Sunday, June 20, 2021

A Chart That Keeps Yellen Awake At Nights

 As I wrote in my previous post, short term interest rates rose sharply last week after the Fed signaled the end of ultra low rates.  The effect on the 2 year Treasury note was particularly pronounced, its yield nearly doubling from 0.15% to 0.285% intraday and settling a touch over 0.25% on Friday (Chart below).

 2 Year Treasury Note Yield  

The average maturity of all publicly held US debt (ie excluding Social Security holdings) is currently 5.5 years. Therefore, a rise in the short to medium end of the yield curve is crucially important - and more so now than at any other time in US history, since government debt has soared to 127% of GDP, up from just 105%, in less than 2 years.

While the chart above may raise eyebrows, here's another that must keep Janet Yellen awake at night.  It shows the 2, 3, 5 and 10 year yields;  pay attention to the two lines at the bottom, the 2 and 3 year yields.  They have a long way to go up, to merely equal pre-pandemic levels.  For example, the 2 year could rise a massive seven times! The 5 year, closest to the entire debt’s average maturity, could rise 3.5 times. And we’re not even taking into account the possibility that inflation will stay high far longer than a few months.

Treasury Yields - 2, 3, 5 and 10 Years

 Such rate increases will cause huge problems for the US’s ability to properly service its debt, see the chart below from Yardeni research. And that’s only for marketable debt, ie excluding the Social Security trust fund. An annual interest bill of nearly $1 trillion is clearly unsustainable for the US - given current tax revenues, that is.

So, put all of the above together, and what should, or could, Mrs. Yellen do? Easy answer, really… raise corporate and personal income tax rates (at least for the ultra rich), impose capital gains taxes at the same rate as earned income, and possibly institute a federal VAT. I don’t really see any other, “easy” way out.  Indeed, I believe the recent G7 US initiative to agree on a minimum 15% global corporate tax rate is a first step in that direction.




  1. interesting point abt the G7 tax... the gossip (of us, the very ill informed) is that there is no way they will be able to get everyone to work together on it... especially not if the corporations intend to oppose it... do you know something about that?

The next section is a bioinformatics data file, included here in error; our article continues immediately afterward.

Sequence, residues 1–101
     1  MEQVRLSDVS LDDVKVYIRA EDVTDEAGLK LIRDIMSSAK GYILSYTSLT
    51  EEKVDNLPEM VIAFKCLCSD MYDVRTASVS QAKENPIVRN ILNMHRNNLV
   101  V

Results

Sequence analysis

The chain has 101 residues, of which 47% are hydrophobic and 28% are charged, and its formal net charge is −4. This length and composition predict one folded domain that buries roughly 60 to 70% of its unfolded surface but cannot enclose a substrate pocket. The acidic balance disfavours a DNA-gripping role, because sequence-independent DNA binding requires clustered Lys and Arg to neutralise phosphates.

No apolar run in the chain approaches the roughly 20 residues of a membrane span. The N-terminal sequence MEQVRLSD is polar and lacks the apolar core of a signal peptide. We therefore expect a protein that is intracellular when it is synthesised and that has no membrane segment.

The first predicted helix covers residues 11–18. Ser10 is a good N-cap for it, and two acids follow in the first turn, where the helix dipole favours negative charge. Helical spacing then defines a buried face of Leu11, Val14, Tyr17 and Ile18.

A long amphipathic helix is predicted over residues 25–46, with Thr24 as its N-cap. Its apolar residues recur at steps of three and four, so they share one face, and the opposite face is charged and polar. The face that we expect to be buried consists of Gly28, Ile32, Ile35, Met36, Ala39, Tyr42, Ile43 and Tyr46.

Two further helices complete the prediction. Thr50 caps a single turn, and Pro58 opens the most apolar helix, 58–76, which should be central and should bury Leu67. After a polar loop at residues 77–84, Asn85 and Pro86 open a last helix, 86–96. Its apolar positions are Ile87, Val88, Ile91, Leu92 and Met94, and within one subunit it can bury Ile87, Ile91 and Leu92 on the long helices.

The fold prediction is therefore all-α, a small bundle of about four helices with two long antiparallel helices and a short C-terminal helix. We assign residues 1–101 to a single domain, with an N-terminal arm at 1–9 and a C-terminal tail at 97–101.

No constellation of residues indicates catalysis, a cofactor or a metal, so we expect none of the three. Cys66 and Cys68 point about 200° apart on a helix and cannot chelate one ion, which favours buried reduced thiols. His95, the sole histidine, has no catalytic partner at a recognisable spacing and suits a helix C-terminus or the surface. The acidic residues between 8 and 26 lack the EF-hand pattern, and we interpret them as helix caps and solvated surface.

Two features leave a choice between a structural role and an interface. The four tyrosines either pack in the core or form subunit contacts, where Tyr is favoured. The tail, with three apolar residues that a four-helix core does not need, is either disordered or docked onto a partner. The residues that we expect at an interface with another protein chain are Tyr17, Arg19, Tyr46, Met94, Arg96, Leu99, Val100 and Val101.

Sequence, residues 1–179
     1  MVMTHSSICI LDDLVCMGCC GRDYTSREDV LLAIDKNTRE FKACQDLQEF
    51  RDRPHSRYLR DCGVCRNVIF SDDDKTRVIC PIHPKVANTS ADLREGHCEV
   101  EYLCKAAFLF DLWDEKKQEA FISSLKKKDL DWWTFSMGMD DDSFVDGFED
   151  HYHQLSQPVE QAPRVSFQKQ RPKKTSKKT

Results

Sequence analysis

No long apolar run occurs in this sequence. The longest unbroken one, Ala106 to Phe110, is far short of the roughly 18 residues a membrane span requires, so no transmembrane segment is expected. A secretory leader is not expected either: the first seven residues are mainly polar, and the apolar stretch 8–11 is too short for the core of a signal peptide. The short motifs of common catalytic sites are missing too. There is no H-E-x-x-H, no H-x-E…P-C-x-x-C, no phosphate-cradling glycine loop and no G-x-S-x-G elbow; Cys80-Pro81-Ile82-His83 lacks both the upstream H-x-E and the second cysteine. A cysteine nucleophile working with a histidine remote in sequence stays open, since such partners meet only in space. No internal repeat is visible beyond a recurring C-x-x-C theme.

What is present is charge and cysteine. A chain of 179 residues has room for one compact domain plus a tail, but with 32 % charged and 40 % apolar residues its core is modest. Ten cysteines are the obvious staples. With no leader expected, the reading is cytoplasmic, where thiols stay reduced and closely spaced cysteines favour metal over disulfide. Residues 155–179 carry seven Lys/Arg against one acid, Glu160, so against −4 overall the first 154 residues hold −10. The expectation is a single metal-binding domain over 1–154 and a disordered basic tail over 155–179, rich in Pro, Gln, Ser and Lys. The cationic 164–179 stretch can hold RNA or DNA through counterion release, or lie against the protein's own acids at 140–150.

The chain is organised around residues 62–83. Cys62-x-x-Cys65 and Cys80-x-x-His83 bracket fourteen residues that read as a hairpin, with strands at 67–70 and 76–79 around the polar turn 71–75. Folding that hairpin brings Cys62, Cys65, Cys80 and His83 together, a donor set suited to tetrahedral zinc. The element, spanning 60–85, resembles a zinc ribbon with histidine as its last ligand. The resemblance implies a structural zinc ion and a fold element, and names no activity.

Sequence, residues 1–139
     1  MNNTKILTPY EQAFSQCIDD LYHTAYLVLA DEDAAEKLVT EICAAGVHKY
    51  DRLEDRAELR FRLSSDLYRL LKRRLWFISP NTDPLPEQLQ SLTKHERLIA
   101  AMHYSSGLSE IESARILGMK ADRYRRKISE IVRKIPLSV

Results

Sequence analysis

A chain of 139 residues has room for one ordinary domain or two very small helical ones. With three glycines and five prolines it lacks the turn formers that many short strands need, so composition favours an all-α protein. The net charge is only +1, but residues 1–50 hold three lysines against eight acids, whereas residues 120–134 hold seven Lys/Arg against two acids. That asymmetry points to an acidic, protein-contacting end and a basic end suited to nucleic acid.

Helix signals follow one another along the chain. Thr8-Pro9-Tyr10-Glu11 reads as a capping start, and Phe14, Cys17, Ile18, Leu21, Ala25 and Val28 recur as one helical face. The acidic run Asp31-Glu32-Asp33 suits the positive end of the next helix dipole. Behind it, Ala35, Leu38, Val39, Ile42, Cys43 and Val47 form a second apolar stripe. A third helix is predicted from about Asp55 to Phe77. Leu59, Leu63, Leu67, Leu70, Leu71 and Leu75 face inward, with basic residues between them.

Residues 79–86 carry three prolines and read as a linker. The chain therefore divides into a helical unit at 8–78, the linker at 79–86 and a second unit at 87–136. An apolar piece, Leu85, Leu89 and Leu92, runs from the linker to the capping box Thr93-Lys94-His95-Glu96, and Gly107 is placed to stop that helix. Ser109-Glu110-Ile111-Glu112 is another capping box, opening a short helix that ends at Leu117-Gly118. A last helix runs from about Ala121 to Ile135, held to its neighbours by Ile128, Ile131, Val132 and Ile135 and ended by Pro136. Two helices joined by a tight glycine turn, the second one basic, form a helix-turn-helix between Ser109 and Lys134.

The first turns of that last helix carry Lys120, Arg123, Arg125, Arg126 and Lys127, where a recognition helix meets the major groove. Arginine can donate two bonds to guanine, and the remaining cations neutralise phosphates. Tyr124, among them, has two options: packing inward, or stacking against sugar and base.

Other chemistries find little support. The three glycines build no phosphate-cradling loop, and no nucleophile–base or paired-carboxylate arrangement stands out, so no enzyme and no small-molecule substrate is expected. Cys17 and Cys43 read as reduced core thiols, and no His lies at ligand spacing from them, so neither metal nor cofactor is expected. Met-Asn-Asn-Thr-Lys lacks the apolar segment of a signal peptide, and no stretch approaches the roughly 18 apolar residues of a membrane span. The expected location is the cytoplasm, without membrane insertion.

2. It is very very rare for the G7 to agree on something like this, so I think they really mean to do it. After all, they all face huge debts from handling COVID. Big global corporations will have to swallow it, or face even tougher taxes. After all, 15% is a joke…way too low.

    1. Corporations will just migrate to countries not willing to abide by the global tax... no?

    2. you have touched the key point... for it to work, they have to impose punishment on any company that does not comply, even foreign registered ones... this breaks the unspoken rule that has kept the peace since Westphalia, non interference in internal affairs.... the ground is truly shifting under our feet...

    3. Large countries still have massive clout over corporations, if and when they wish to exercise it. You really don’t want to have the FBI, IRS or the Justice Dept. after you, no matter where you are incorporated.

      I believe recouping some of the massive COVID costs is a top priority for every country, so they will coordinate their policies. Smaller countries will just have to play ball.

    4. to be fair, I really dun see how it can work without massive interference into a countries internal affairs that no one will tolerate... however, without that, a country could simply pretend to tax a company then give the money back through the backdoor...

      is the US really going to get involved in every deal? Maybe it could do something like that in places like Panama... but how about Korea, Indonesia, Taiwan, Switzerland, and of course China...